Although the external roll-out has been a success, the IRS should be mindful that, arguably, an even more important facet to a successful QEP is its roll-out internally within the IRS. One of the problems with the prior Joint Audit Planning Process was that it was not implemented in practice. Rather, it was oftentimes viewed as a discretionary guide of some good ideas and suggestions regarding how to conduct an audit.
       Accordingly, examination teams and taxpayers should attend QEP training together, which would allow both sides to hold each other accountable under its standards. Prior to each audit beginning and any IDRs being issued, the examination team and taxpayer should be able to go through the training together, and execute a form acknowledging that this occurred. Furthermore, the training should include the specifics of what the QEP entails. Instead of simply mandating that the audit plan should be developed and that the taxpayer should be involved, the training should specify how and when the audit plan should be developed.
Finally, to ensure that QEP standards are being implemented, a senior IRS employee (for example, Territory Manager, Director of Field Operations, or Industry Director) should solicit taxpayers’ opinions at the close of an audit. This can be, perhaps, in the form of a letter sent to the taxpayer at the close of an audit to inquire as to whether, in the taxpayer’s opinion, the QEP standards were followed.


       LB&I should continue to highlight the benefits that the QEP will deliver to both taxpayers and the IRS. The Subgroup believes that the implementation of the standards expressed in the QEP will improve the efficiency and resolution of audits. To that end, LB&I should continue to monitor whether the QEP standards are being implemented by examination teams through the method identified above by the Subgroup.

Executive Summary

       A sound enterprise is premised on deploying the right people to the right tasks, now and in the future. Tax administration is no different. This general principle forms the basis for our assessment and six recommendations below.


       We understand from our conversations with IRS personnel that the current economic climate translates into an unprecedented pool of job applicants, in terms of both quantity and quality. We also understand from these conversations that the IRS has been successful in hiring, and so far retaining, many highly qualified candidates – e.g., some eight hundred (800) experienced tax professionals have joined LB&I in the past year or so. We applaud this development and recommend that the IRS continue to actively recruit experienced applicants, especially candidates who have received quality training in the private sector.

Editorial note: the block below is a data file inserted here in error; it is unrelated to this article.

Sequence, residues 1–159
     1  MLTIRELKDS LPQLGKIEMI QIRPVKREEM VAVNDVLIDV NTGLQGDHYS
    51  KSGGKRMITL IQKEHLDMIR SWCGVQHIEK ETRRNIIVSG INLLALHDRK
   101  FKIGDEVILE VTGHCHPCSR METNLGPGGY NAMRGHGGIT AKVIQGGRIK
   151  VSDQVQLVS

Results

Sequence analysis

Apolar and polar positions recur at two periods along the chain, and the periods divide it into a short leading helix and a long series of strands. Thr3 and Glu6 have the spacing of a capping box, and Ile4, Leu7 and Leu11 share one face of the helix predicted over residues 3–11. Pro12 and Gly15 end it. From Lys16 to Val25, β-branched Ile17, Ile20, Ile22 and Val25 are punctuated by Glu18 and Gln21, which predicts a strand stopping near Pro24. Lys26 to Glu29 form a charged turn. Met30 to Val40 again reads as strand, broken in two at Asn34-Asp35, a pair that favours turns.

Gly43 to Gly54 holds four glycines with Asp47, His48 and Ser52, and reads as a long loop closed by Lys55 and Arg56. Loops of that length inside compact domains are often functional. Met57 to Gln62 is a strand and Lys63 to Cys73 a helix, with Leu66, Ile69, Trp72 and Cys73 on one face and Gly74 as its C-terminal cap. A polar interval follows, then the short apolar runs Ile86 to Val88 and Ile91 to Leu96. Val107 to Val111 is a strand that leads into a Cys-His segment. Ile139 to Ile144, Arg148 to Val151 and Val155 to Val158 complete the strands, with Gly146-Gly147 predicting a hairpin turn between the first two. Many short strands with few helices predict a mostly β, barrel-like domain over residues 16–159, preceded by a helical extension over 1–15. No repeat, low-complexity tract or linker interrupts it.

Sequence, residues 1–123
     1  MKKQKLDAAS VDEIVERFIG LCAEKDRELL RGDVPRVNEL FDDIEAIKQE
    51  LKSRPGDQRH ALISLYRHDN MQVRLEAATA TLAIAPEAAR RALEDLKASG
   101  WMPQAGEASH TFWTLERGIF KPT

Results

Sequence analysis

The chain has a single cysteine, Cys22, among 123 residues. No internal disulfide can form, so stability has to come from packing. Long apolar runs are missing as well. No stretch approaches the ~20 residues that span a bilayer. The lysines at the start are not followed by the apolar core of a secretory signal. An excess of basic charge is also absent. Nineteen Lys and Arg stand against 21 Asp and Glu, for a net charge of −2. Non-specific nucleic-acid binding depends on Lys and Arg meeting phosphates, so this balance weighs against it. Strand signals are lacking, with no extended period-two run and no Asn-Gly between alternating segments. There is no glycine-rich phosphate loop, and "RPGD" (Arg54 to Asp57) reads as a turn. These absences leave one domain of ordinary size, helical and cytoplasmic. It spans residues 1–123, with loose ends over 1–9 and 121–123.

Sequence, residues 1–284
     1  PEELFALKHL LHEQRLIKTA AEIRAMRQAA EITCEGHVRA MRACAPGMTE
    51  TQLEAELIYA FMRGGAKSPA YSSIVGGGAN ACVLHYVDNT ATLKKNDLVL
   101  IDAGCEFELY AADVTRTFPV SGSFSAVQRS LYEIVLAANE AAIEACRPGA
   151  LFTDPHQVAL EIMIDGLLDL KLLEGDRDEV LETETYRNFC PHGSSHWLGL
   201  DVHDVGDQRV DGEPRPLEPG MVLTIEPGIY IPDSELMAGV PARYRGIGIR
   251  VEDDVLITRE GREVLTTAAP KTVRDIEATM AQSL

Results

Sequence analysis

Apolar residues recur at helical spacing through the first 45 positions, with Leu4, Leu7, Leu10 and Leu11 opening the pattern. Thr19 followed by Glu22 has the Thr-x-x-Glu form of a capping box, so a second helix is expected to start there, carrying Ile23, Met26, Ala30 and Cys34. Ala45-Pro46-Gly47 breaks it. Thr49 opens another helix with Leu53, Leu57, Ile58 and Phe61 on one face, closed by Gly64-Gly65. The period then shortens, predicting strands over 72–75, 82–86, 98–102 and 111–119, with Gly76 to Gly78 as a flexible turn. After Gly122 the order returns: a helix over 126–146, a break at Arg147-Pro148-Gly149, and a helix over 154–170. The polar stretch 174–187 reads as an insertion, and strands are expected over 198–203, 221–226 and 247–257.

Our feeling is that applicants with experience in the private sector bring to the IRS not only their acquired knowledge of substantive tax rules and industry practices, but also a very "real world" perspective on how taxpayers behave and operate; this additional perspective can only help communication between the IRS and taxpayers. Compare this to the reverse scenario, where an experienced IRS person leaves a government position for a position in private practice or in industry. That person’s employer will generally utilize the person in a role that capitalizes on his or her acquired knowledge of substantive rules, as well as his or her knowledge and experience with IRS rules and procedures for working with taxpayers. A private-sector employer who fails to capitalize on the experiences and knowledge of a former IRS employee is simply wasting potential.

        In connection with our assessment and recommendations, we reviewed the following materials: (1) IRS Highlights Job Opportunities for New Grads on YouTube, IR-2010-81, July 6, 2010, and the videos referenced therein (which we viewed on YouTube); and (2) the 2009 National Agreement II between the Internal Revenue Service and the National Treasury Employees Union. In addition, we interviewed a number of IRS personnel.


       We identified the following challenges the IRS faces in integrating experienced practitioners into the IRS and, more generally, maintaining and improving the quality of the IRS workforce. We also learned that the IRS has already addressed these matters to a great extent.

       First, many of the experienced hires possess highly specialized, technical tax and business knowledge. Most of them are not trained as auditors, however, and do not possess knowledge of IRS procedures. We asked ourselves: "What procedures should the IRS use to train experienced practitioners in their missing skill sets?" In particular, we were concerned that practitioners who have many years of experience may have little patience with lower-level tasks and training. In response to our inquiries, we learned that the IRS individualizes its training regimen to round out a new hire’s skill set, as opposed to using a one-size-fits-all approach that all new hires must endure. In particular, the IRS uses online training modules (e.g., Centra and MicroMash) to custom tailor a training plan between a new hire and his/her training instructor, which can then be implemented on an individualized basis. Thus, in the case of experienced hires, the IRS does not utilize the same training that it uses for new agents it hires right out of school, but instead makes available expedited training courses to quickly get experienced practitioners up to speed on the skills they need to complete audits.